This case study highlights the importance of succession planning in business.
The Director’s husband of this small financial intermediation company died suddenly in tragic circumstances. She had no involvement in the business and did not really understand the business formula. It was run by her husband entirely – he was the key person and sole holder of all business information. They intended to appoint him as director and for her to resign. Yet, they had never found the time to do so. The Director was separated from her husband for some time, but the divorce proceedings were not yet commenced. He left no Will.
Shortly before his death, the client’s husband employed In-house Counsel who also acted as Company Secretary and was named on Companies House in that capacity.
Company Secretary was informed of his death by a senior employee. There were 13 employees in total and the death occurred 5 days before the payroll date. All company information was either in hand-written notes made by the deceased or in his head – he ran the payroll manually as well as making all business transactions from his laptop.
It fell upon the Company Secretary (AW) to address this crisis. She contacted the deceased’s wife who, in the absence of any Will, was the sole beneficiary of the deceased’s estate. She was also the sole shareholder and held fiduciary duties as the Director. Personal belongings and company records were released to the widow by the police. The widow had to rapidly familiarise herself with the business and take control of it.
The situation became even more complicated when the following issues arose within days of her husband’s death:
Significant funds were transferred from the business account to a third party by an individual who was close to the deceased and was his close business associate.
The said third party made an offer to the widow to buy the company and appointed a firm of solicitors, who also purported to be acting on behalf of the employees. Payments to the solicitors were incredibly made from the company’s bank account.
Two employees have conspired to set up a company in competition. This, in itself, was not the biggest problem as the widow did not have any interest in continuing with the business and was not concerned about the competition. The problem was that the employees intended to do so out of the company’s funds to which they were of course, not entitled.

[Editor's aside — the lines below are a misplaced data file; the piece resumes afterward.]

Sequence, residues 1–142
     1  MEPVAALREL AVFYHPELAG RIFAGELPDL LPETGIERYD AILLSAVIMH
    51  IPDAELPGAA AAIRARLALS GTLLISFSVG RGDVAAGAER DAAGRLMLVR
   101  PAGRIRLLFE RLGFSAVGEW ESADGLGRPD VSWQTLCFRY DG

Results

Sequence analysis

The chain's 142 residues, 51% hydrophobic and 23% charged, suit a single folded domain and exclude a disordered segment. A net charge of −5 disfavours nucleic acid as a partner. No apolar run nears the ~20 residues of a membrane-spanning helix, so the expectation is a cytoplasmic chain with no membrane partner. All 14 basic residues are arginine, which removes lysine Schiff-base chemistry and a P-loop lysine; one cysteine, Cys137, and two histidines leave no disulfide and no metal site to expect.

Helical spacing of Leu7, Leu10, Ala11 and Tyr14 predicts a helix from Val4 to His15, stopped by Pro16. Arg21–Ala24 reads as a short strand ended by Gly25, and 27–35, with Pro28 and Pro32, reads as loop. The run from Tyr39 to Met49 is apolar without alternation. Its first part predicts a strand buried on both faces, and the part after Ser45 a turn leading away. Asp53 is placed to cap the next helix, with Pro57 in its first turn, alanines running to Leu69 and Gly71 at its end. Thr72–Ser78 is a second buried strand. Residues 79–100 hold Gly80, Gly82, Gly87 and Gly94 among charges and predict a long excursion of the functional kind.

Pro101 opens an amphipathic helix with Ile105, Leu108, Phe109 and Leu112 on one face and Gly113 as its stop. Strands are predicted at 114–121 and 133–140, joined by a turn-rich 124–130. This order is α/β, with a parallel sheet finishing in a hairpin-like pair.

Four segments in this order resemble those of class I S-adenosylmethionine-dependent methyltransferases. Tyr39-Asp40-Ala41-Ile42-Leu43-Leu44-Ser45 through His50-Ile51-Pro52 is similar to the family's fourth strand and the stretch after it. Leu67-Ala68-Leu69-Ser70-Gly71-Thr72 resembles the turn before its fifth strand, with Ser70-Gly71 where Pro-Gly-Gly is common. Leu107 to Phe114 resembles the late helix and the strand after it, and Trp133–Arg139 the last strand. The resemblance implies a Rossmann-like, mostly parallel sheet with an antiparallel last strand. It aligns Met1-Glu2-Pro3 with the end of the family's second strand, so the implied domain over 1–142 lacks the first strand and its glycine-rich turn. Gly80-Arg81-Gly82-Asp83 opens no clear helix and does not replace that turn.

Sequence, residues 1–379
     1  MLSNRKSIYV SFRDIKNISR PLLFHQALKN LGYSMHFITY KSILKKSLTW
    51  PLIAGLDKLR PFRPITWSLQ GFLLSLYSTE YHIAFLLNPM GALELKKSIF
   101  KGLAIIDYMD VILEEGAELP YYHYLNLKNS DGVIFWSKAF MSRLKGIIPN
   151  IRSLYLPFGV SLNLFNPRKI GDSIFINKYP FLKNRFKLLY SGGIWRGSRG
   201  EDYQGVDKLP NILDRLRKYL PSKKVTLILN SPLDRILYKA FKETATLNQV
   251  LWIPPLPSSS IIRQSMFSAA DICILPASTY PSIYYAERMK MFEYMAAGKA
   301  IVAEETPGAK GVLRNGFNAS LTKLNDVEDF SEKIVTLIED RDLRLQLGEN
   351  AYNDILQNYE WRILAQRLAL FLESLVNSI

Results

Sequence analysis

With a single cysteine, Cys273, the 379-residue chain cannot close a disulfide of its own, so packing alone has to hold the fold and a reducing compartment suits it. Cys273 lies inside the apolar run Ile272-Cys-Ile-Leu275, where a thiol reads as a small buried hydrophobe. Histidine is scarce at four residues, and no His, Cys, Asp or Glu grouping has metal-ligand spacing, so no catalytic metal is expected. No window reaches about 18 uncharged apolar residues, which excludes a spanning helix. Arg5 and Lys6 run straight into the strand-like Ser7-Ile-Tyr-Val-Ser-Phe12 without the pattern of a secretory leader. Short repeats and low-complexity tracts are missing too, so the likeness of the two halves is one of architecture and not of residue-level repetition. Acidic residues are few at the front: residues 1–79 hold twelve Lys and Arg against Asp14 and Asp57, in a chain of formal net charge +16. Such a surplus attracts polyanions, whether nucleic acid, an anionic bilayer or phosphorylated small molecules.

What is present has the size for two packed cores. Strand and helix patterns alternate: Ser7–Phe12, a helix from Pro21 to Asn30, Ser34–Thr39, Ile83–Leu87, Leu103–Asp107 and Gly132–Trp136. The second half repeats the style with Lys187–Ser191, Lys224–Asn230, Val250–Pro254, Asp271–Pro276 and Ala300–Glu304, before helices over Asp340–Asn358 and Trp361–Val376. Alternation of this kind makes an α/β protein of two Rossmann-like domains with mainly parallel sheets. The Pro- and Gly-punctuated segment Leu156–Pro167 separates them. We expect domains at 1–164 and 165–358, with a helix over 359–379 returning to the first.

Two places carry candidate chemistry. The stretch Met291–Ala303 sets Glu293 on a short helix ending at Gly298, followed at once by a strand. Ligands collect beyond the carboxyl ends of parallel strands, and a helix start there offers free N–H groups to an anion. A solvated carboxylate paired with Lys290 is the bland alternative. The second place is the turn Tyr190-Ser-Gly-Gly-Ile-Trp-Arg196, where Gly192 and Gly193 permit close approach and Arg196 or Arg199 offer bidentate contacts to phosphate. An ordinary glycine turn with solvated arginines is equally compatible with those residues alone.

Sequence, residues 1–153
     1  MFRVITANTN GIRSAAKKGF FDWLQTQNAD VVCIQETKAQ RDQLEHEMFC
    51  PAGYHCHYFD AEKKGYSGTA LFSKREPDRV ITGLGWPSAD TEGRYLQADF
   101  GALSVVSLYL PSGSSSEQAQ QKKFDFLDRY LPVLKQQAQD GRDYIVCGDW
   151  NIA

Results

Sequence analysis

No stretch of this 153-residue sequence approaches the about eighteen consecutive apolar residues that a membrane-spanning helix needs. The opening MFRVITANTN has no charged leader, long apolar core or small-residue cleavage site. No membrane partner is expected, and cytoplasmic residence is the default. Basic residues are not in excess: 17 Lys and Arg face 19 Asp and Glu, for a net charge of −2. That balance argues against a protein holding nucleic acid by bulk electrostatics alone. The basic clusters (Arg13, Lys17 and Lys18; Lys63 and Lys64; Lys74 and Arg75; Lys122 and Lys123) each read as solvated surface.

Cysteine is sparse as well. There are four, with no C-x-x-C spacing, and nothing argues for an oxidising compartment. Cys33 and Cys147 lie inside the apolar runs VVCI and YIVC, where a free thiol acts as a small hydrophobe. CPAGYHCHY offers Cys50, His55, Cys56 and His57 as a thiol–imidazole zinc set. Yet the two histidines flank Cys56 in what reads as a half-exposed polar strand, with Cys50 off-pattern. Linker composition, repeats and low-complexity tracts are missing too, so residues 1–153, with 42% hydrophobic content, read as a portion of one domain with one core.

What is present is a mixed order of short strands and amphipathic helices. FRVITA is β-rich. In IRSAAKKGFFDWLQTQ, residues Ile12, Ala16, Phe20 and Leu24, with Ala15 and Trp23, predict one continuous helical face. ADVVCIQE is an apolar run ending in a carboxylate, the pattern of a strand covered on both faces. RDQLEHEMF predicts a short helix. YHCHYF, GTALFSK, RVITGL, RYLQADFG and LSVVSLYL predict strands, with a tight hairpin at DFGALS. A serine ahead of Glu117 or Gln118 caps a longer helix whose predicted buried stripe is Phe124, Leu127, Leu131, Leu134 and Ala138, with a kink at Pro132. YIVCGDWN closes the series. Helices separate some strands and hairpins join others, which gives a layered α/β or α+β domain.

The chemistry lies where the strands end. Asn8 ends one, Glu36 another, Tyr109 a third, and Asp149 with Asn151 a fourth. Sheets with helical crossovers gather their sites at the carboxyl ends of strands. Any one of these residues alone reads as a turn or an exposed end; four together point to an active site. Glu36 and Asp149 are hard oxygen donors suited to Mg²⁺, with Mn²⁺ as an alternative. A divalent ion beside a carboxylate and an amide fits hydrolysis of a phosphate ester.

The company was an introducer to several major financial institutions and was subject to Introducer Agreements. These stipulated clawback clauses (i.e. the commission needed to be repaid) in cases when the lead provided cancelled their financial product within a certain period. The death of the key person caused many leads to cancel their products, resulting in vast amounts due to the product provider.
The Company Secretary needed to act very fast to ensure that the company’s obligations are met and that company funds were not depleted.
The Director and the Company Secretary took control of the company’s bank account. This was achieved by putting the opponents on notice of impending injunctive proceedings and intense communication with the bank.
The sums taken by the third party and paid to their solicitors were returned after being presented with pre-litigation correspondence.
Employees were paid on time and were made redundant in an orderly fashion.
Hostile take-over by employees was prevented
The company’s debts were discharged and accounts prepared, enabling the Director to dissolve the company voluntarily.
It took four months to complete the above objectives. The widow was able to wind the company down in an orderly fashion.
Let us imagine this – there was no Company Secretary appointed on Companies House. In the absence of an appointed company officer with authority to deal with the company’s affairs, it would have taken the widow some time to take control of the bank accounts. This would have likely resulted in accounts being depleted and potentially in breach of contract claims presented by employees and suppliers. By the time the widow took control of the company, she would have had to deal with multiple claims.
Another scenario is when a sole director and shareholder of a limited company dies, leaving no Will. If that was the case, and the deceased was the company director – his wife would have needed to obtain a Grant of Probate and Letters of Administration before being able to appoint another director. This can be a lengthy process. During that time, the assets of the company would generally be frozen. However, in this case, it would have likely resulted in multiple complex legal issues.